The Rush for Second Place: Essays and Occasional Writings

The Rush for Second Place: Essays and Occasional Writings

by William Gaddis
     
 

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William Gaddis published only four novels during his lifetime, but with those works he earned himself a reputation as one of America's greatest novelists. Less well known is Gaddis's body of excellent critical writings. Here is a wide range of his original essays, some published for the first time. From "'Stop Player. Joke No. 4,'" Gaddis's first national

Overview

William Gaddis published only four novels during his lifetime, but with those works he earned himself a reputation as one of America's greatest novelists. Less well known is Gaddis's body of excellent critical writings. Here is a wide range of his original essays, some published for the first time. From "'Stop Player. Joke No. 4,'" Gaddis's first national publication and the basis for his projected history of the player piano, to the title essay about missed opportunities in America during the past fifty years, to "Old Foes with New Faces," an examination of the relationship between the writer and the problem of religion-this diverse collection displays the power of an autonomous literary intelligence in an age increasingly dominated by political and religious conservatism.

Editorial Reviews

Publishers Weekly
Author of the deeply satirical novel JR (which features an 11-year-old capitalist who trumps up his Army surplus company in a manner that seems eerily prescient today) and of The Recognitions, Gaddis (1922-1998) was a fact-checker at the New Yorker and a corporate speech-writer before coming to prominence, but published very little essay-based work. Editor Joseph Tabbi here collects 29 short and occasional pieces, some left in manuscript at the time of Gaddis's death, others admiring encomiums to Saul Bellow or Julian Schnabel, all of which, as he notes, "create a sense of the environment in which Gaddis worked." (Oct.) Copyright 2002 Cahners Business Information.
Kirkus Reviews
The great novelist (Agape Agape, p. 1053, etc.) explores his fascination with machines, greed, violence, and art in odd bits of nonfiction, some appearing in print for the first time.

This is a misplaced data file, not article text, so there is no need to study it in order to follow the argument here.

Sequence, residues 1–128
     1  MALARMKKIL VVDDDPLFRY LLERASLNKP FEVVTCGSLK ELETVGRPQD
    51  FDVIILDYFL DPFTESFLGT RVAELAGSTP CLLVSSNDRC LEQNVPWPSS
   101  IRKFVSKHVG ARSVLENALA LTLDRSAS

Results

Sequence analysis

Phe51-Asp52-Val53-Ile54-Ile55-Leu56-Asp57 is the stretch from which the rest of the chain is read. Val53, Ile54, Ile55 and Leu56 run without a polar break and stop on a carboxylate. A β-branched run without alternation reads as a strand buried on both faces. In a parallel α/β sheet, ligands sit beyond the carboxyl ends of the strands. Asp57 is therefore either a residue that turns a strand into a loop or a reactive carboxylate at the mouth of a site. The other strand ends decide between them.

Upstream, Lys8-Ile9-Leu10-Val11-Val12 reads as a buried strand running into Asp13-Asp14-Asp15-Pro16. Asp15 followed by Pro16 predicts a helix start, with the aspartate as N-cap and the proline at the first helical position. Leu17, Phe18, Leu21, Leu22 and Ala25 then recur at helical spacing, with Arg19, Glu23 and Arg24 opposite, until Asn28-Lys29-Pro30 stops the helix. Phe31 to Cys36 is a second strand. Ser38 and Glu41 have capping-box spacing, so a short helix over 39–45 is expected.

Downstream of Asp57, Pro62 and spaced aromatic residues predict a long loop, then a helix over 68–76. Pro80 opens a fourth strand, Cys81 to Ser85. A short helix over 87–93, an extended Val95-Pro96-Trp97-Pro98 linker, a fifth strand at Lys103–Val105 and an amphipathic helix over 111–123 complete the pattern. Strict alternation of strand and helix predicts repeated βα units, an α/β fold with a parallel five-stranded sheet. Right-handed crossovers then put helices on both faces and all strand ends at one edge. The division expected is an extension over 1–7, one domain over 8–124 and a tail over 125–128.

Gaddis (1922–98) never hesitated from targeting the nation’s economic elite in his densely packed fiction, and his essays are no different. For example, in a piece that first appeared in the New York Times Book Review in 1995, he has no trouble linking Newt Gringrich’s Contract with America to Samuel Butler’s 1872 utopian novel, Erewhon. Both Butler and Gingrich, he argues, predicate their passion for law and order on stamping out difference, and their intent resembles the function of most technology, another Gaddis obsession. In an essay written as a script for an IBM promotional film, he writes that a player piano performs its music as beautifully as a real player might, raising the question of the artist’s purpose, but it also leaves one feeling cold, because ultimately the same humans replaced by the piano are the sources of, and the ones listening to, the music. There’s a connection here between Gaddis’s criticism of the Contract with America and of the player piano; both beget an alienated and usually underserved audience. The title piece argues that this audience, the American public, has opted for second place: the good life as defined by status and three square meals a day. Instead of holding fast to the Protestant work ethic that views material success as tantamount to goodness, Gaddis would prefer Americans to work on goodness and let the material success follow. Will the business leaders of American society ever make this transformation? On that point, the author is cynical. Joseph Tabbiprovides an excellent introduction and biographical background that’s particularly helpful in a collection that spans 50 years.

Sometimes dense, but always discerning: essential for Gaddis fans and those seeking an offbeat critique of American civilization.

Product Details

ISBN-13:
9780142002384
Publisher:
Penguin Publishing Group
Publication date:
10/01/2002
Pages:
208
Product dimensions:
5.16(w) x 7.81(h) x 0.62(d)
Age Range:
18 Years

Meet the Author

William Gaddis (1922-1998) was a master of the American novel who was frequently compared with Joyce, Nabokov, and Pynchon. Two of his novels, J R and A Frolic of His Own, won the National Book Award. He was a member of the American Academy of Arts and Letters and the recipient of a MacArthur Prize.
Joseph Tabbi was the first scholar to be given access to the Gaddis archives. He conducts research in American literature and new media writing at the University of Illinois at Chicago.
Joseph Tabbi was the first scholar to be given access to the Gaddis archives. He conducts research in American literature and new media writing at the University of Illinois at Chicago.

Brief Biography

Date of Birth:
December 29, 1922
Date of Death:
December 17, 1998
Place of Birth:
New York, New York
Place of Death:
East Hampton, New York
Education:
Attended Harvard University (no degree)

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